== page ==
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APA Style (Seventh edition): Citing Traditional Knowledge or Oral Traditions of Indigenous Peoples

This guide will assist students in learning APA style and applying it when writing and formatting papers and other course assignments.

Citing Traditional Knowledge

How you cite Traditional Knowledge or Oral Traditions of Indigenous Peoples depends on whether and how the information has been recorded. Examine published works carefully (especially older works) to ensure that the information about Indigenous Peoples is accurate and appropriate to share before citing.


Some stories are told only at certain times of year or by certain people and may not be appropriate to share/cite.

If you are unsure, contact an Indigenous educator or advisor for guidance.



American Psychological Association. (2020). Secondary sources.

Recorded Sources

If the information has been recorded, then cite it in text and include a reference list entry in the correct format.


In Text

(Chacaby & Plummer, 2016)

Reference Entry

Chacaby, M., & Plummer, M. L. (2016). A two-spirit journey: The autobiography of a lesbian Ojibwa-Cree Elder. University of Manitoba Press.


In Text

(Truth and Reconciliation Commission of Canada, n.d.)

Reference Entry

Truth and Reconciliation Commission of Canada. (n.d.). Residential school locations.


In Text

(LeMay Media, 2016)

Reference Entry

LeMay Media. (Producer). (2016). The history of treaties in Canada [Video]. Films on Demand.

Journal Article

In Text

(Robinson, 2013)

Reference Entry

Robinson, M. (2013). Veganism and Mi’kmaq legends. The Canadian Journal of Native Studies, 33(1), 189-196.

Non Recorded Sources

To describe Traditional Knowledge or Oral Traditions that are not recorded (and therefore are not recoverable by readers), provide as much detail in the in-text citation as is necessary to describe the content and origin of the information. Ensure that the person agrees to have their name and information included in your paper and confirms the accuracy and appropriateness of the information you present.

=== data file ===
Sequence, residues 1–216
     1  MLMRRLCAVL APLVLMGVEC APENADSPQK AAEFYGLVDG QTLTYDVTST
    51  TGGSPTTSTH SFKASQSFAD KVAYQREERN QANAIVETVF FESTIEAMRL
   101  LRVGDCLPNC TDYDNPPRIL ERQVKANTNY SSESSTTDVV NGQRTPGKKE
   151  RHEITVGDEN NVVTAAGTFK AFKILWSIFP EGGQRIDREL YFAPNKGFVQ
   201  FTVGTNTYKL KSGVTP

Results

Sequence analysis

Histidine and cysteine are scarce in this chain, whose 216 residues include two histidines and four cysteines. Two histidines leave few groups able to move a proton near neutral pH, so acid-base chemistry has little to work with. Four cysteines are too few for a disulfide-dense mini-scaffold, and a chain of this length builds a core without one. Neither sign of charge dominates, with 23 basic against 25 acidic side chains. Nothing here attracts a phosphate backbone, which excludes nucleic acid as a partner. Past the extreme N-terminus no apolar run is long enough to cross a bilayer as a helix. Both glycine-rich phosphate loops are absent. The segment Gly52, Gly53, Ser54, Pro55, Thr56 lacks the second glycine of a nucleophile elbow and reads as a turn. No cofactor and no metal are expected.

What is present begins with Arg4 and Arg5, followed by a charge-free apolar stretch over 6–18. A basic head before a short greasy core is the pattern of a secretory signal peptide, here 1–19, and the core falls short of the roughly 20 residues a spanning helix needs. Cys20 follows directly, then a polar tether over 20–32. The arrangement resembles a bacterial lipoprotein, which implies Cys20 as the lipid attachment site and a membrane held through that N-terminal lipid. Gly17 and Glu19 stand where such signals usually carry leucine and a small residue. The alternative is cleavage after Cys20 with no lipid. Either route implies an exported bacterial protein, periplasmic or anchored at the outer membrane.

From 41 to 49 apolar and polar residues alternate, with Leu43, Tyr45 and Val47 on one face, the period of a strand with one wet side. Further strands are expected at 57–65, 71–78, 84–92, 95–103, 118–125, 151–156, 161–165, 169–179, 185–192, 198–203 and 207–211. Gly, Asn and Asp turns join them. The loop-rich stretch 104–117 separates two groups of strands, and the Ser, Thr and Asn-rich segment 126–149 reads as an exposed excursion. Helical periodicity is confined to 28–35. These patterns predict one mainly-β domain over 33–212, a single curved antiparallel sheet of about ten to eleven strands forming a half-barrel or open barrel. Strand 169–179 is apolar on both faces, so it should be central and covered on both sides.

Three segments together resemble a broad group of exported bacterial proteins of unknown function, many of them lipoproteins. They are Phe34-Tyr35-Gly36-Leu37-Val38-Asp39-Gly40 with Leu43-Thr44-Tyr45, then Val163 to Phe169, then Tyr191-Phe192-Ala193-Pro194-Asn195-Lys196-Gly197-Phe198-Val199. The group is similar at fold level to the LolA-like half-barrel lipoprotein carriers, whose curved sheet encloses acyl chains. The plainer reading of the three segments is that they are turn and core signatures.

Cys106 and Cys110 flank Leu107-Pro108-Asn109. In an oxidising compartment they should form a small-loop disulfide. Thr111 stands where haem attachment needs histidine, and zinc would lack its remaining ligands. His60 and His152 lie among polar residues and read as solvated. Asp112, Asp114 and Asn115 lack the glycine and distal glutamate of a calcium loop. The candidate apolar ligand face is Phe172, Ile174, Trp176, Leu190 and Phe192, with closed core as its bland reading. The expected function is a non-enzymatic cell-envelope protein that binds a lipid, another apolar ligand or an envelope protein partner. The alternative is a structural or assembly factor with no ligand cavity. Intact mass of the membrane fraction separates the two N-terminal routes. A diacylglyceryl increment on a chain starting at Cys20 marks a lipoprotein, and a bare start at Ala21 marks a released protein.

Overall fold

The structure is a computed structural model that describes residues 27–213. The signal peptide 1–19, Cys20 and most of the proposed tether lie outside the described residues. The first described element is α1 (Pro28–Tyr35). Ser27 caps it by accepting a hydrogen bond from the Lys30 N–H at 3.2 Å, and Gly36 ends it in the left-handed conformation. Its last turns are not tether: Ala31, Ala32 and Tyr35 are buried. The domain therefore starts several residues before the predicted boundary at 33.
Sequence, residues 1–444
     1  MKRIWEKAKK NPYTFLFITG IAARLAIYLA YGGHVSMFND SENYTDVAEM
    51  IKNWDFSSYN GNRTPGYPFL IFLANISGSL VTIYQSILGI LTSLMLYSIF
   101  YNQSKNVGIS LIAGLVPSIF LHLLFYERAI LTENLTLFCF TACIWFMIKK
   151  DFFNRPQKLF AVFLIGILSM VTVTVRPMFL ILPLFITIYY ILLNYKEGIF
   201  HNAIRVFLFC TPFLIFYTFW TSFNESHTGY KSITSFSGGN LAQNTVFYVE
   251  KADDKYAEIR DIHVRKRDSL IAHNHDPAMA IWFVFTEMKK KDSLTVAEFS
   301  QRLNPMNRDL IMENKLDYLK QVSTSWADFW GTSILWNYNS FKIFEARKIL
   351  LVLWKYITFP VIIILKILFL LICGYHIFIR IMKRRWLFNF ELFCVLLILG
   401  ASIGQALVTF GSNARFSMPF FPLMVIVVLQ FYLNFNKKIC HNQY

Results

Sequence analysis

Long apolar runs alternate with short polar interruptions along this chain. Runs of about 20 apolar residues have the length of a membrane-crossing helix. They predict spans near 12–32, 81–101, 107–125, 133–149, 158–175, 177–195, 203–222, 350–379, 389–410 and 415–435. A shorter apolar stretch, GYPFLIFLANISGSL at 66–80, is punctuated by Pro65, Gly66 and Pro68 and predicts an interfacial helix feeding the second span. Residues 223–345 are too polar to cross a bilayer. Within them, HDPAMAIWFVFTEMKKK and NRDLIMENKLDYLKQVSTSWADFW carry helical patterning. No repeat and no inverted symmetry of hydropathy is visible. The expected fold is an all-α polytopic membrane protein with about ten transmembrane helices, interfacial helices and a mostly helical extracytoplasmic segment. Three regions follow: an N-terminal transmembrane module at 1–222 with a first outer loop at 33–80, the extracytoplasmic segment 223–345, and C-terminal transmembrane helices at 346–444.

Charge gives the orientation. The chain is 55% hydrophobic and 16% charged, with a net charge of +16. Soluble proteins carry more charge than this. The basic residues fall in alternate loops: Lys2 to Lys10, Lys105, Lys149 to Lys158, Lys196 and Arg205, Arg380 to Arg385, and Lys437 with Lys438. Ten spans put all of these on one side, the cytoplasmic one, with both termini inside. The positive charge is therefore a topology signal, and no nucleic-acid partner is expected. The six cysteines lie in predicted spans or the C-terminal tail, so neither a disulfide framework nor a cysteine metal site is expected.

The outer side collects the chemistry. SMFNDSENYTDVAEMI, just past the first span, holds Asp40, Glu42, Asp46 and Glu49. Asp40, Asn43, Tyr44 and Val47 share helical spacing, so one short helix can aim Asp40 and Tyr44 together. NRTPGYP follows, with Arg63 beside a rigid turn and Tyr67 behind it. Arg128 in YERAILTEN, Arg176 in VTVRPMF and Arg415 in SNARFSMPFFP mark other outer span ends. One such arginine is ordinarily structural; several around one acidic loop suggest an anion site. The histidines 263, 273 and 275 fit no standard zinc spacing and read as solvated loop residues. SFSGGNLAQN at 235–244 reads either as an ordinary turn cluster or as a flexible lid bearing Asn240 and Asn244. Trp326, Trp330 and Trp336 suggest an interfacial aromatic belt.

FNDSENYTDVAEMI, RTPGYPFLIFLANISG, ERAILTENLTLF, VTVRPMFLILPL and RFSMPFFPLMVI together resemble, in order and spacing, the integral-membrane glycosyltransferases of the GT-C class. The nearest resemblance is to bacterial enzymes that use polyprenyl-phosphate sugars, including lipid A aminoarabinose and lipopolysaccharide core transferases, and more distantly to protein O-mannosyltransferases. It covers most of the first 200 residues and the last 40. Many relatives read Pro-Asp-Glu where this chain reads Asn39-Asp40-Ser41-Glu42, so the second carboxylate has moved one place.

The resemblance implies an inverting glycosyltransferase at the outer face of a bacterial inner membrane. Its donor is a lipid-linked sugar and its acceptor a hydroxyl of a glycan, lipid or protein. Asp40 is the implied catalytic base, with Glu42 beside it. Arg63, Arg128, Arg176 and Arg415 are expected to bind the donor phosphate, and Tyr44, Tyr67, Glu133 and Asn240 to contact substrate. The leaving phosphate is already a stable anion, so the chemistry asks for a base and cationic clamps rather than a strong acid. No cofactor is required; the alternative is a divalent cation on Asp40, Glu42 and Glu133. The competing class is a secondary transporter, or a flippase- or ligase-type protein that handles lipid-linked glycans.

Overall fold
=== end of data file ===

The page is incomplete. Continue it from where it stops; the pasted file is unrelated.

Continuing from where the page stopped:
Provide the person’s full name and the nation or specific Indigenous group to which they belong, as well as their location or other details about them as relevant, followed by the words “personal communication,” and the date of the communication.


Provide an exact date of correspondence if available; if correspondence took place over a period, provide a more general date or a range of dates. The date refers to when you consulted with the person.


We spoke with Anna Grant (Haida Nation, lives in Vancouver, British Columbia, Canada, personal communication, April 2019) about traditional understandings of the world by First Nations Peoples in Canada. She described . . .


Capitalize most terms related to Indigenous Peoples. These include names of specific groups (e.g., Mi’kmaq, Maliseet, Cherokee, Cree, Ojibwe) and words related to Indigenous culture (e.g., Creation, the Creator, Elder, Oral Tradition, Traditional Knowledge, Vision Quest). The capitalization is intentional and demonstrates respect for Indigenous perspectives.

Appropriate Use of Names

When writing about Indigenous Peoples, use the name that they call themselves. In general, refer to an Indigenous group as a “people” or “nation” rather than as a “tribe.” In Canada, refer to the Indigenous Peoples collectively as “Indigenous Peoples” or “Aboriginal Peoples”


International Journal of Indigenous Health

Specify the nation or people if possible


People of the First Nations of Canada, People of the First Nations, or First Nations People; Métis; Inuit